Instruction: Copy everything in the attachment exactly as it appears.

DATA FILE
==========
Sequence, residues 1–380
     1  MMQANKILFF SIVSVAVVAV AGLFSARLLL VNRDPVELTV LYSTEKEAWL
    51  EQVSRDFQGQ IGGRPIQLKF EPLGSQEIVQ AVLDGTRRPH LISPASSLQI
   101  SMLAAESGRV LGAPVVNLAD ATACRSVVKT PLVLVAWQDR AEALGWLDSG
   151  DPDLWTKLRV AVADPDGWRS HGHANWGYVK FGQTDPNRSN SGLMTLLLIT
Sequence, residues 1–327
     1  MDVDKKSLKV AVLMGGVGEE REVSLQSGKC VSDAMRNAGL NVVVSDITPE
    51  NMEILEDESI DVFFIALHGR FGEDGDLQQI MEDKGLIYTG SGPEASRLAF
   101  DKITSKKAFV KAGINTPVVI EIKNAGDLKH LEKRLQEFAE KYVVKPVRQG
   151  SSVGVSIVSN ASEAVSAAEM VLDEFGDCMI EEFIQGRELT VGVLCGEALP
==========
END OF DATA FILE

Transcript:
Sequence, residues 1–380
     1  MMQANKILFF SIVSVAVVAV AGLFSARLLL VNRDPVELTV LYSTEKEAWL
    51  EQVSRDFQGQ IGGRPIQLKF EPLGSQEIVQ AVLDGTRRPH LISPASSLQI
   101  SMLAAESGRV LGAPVVNLAD ATACRSVVKT PLVLVAWQDR AEALGWLDSG
   151  DPDLWTKLRV AVADPDGWRS HGHANWGYVK FGQTDPNRSN SGLMTLLLIT
Sequence, residues 1–327
     1  MDVDKKSLKV AVLMGGVGEE REVSLQSGKC VSDAMRNAGL NVVVSDITPE
    51  NMEILEDESI DVFFIALHGR FGEDGDLQQI MEDKGLIYTG SGPEASRLAF
   101  DKITSKKAFV KAGINTPVVI EIKNAGDLKH LEKRLQEFAE KYVVKPVRQG
   151  SSVGVSIVSN ASEAVSAAEM VLDEFGDCMI EEFIQGRELT VGVLCGEALP